Cases reported "Dysmenorrhea"

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1/5. Fixed drug eruption to rofecoxib.

    Rofecoxib, used for dysmenorrhea, caused a herpetiform fixed drug eruption predominantly involving the lips with classic clinical and histological findings in a red-brown lesion on the dorsal hand.
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keywords = eruption
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2/5. Fixed drug eruption to mefenamic acid: a report of three cases.

    mefenamic acid (Ponstan) is widely used in the treatment of dysmenorrhoea, menorrhagia, and musculoskeletal pain. Although only 17 cases of fixed drug eruption provoked by mefenamic acid have been reported in the world literature, in a 7-day period a further three patients with fixed drug eruption due to mefenamic acid presented to the dermatology out-patient clinic of the University Hospital of wales, Cardiff. The lesions of all the patients became inflamed within a few hours of taking the drug, but two of the three patients failed to appreciate the association. There have been no further episodes of inflammation since the patients avoided mefenamic acid.
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ranking = 1.2
keywords = eruption
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3/5. A fixed drug eruption to Baralgin (dipyrone) tablets.

    dipyrone-induced adverse skin reactions appear within the first seven days of drug administration, and the aetiology is often missed. A patient who regularly consumed dipyrone for dysmenorrhoea is presented. The adverse cutaneous manifestations may be predictive of the occurrence of severe haematological adverse reactions. Adverse drug reactions (ADR) should be documented, and initiation of ADR monitoring units in the Caribbean will be a step in establishing a data base of these events in Caribbean populations.
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ranking = 0.8
keywords = eruption
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4/5. Cutaneous reaction to naproxen.

    A 28-year-old woman with a previous atopic history had been complaining of itching and burning erythematous plaques or blister eruptions on her face and neck for the last 2 years. These lesions became red-brown and then disappeared in 1-2 weeks. However, the site of two of them had remained heavily pigmented after resolution. Sometimes, vesicular lesions affected the oral mucosa causing a burning sensation. She had noticed that these eruptions reappeared in the same location and related to menstruation (when she used to take naproxen sodium because of dysmenorrhea). Furthermore, pigmented sites became red-brown, elevated and itchy. These findings suggested a fixed drug eruption (FDE) due to naproxen, a sporadic clinical event previously reported only once. patch tests were performed on the back (normal skin) with a series of NSAIDs, and with naproxen both on the back and on previous FDE sites. The test were negative on the back, and on previous FDE sites the skin got dark. The value of this result as a diagnostic tool was unclear so we performed an oral challenge test with naproxen which proved the diagnosis definitely.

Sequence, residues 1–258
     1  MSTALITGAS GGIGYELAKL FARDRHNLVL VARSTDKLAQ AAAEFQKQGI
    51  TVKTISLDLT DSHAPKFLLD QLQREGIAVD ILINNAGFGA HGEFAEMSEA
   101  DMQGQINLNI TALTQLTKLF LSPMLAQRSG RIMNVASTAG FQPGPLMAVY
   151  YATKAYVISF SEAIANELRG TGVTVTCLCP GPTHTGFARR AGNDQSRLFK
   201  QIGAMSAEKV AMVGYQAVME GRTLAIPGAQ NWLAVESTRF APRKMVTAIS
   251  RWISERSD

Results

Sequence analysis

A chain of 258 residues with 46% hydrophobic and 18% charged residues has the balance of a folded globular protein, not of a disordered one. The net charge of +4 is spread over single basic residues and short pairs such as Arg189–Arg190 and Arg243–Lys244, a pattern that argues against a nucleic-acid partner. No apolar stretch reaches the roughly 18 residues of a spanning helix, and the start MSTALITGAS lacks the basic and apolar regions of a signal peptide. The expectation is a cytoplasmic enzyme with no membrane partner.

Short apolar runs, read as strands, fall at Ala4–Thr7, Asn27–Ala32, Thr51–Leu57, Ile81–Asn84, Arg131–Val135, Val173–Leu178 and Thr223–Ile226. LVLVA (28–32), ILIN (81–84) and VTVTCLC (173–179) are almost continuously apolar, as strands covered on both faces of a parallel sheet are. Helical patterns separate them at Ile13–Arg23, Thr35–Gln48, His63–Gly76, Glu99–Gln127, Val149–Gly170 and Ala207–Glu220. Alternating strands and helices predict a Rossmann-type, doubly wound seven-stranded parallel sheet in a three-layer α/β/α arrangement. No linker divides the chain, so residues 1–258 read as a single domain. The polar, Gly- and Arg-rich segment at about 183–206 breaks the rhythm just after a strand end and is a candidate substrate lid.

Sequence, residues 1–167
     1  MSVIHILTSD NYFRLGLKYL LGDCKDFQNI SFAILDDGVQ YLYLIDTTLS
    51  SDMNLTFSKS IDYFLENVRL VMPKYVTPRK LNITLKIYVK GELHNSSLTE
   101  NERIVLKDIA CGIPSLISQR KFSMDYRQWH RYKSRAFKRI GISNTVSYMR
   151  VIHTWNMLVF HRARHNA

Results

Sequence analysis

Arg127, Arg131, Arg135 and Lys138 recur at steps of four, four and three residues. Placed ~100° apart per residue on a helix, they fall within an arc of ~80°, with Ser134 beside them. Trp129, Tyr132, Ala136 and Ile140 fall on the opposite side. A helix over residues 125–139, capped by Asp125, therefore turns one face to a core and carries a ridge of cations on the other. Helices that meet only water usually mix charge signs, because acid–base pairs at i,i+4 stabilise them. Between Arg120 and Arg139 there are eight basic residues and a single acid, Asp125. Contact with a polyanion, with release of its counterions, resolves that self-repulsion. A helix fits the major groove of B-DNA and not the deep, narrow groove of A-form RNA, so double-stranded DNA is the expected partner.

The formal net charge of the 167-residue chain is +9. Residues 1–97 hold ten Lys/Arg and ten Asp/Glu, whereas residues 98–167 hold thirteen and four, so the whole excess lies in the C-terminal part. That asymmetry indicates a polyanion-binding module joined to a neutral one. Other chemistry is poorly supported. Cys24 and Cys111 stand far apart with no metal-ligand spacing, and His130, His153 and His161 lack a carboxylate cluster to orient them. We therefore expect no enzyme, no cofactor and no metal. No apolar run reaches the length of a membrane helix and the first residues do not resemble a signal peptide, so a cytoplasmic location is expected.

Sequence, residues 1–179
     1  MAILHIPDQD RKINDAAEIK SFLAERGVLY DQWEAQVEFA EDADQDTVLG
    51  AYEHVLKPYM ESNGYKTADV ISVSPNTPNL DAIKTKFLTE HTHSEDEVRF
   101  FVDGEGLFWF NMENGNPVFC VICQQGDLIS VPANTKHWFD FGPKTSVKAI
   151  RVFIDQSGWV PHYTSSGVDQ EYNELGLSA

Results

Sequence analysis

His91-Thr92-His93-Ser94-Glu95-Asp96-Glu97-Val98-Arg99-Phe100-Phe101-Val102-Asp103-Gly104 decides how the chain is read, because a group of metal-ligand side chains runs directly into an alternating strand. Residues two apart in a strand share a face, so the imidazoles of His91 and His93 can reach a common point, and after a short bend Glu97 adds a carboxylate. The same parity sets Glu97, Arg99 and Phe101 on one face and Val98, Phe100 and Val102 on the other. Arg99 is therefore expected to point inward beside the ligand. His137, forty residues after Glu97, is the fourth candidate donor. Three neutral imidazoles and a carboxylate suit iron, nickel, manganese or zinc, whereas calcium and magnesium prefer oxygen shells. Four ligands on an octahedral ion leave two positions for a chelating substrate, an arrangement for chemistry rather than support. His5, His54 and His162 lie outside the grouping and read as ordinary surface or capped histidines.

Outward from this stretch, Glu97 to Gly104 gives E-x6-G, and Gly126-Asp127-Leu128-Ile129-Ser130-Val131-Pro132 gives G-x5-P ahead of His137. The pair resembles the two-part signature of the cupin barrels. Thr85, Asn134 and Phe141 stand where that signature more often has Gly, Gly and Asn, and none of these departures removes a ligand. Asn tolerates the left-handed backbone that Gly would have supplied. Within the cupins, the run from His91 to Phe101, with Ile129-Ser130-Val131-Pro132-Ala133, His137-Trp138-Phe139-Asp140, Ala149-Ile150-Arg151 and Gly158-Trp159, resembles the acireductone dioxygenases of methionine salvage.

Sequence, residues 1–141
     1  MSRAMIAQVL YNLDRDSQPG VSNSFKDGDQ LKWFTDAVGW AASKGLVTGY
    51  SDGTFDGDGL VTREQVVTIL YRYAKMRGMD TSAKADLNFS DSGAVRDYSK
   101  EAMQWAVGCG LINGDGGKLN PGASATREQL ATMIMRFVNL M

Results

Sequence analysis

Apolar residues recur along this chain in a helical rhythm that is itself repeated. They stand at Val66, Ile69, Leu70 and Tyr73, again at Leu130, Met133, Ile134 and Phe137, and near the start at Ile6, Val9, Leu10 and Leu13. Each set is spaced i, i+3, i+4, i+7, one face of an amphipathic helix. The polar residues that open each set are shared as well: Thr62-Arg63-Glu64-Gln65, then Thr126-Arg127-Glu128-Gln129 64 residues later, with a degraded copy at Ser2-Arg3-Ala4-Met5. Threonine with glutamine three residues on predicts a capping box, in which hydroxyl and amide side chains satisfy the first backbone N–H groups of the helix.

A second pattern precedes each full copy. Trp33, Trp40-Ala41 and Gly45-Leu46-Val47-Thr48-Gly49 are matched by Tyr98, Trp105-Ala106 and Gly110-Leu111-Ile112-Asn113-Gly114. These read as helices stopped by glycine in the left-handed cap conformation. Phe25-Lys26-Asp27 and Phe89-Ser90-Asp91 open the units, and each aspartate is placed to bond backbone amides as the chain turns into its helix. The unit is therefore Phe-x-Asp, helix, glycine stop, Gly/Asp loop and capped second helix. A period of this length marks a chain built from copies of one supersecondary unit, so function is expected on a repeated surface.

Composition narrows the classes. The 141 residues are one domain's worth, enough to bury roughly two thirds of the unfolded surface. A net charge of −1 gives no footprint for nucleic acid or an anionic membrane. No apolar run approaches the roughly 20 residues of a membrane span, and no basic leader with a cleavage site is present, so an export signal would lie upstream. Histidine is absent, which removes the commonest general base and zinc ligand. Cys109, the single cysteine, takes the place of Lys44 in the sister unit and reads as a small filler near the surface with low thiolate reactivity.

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ranking = 0.6
keywords = eruption
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5/5. Drug eruption due to Bufferin showing erythema exsudativum multiforme with a photo-recall-like phenomenon.

    A 21-year-old woman who had been taking several kinds of analgesics to treat dysmenorrhea developed episodic attacks of a purpuric macular eruption and a burning sensation on unexposed areas of the upper chest and back where she had sustained severe sunburn eight months earlier. Target-like lesions developed on these areas after intake of Bufferin, a combination of aspirin and dialuminate. After the eruptions had abated following systemic administration of a corticosteroid agent, a challenge test was performed, using a quarter of a tablet of Bufferin. The patient developed a temporary burning sensation and a erythematous color on the previously sunburned skin. We diagnosed this case as a drug eruption due to Bufferin showing erythema exsudativium multiforme with a photo-recall-like phenomenon. In our case, skin tests would be useful to confirm the causal drug.
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ranking = 1.4
keywords = eruption
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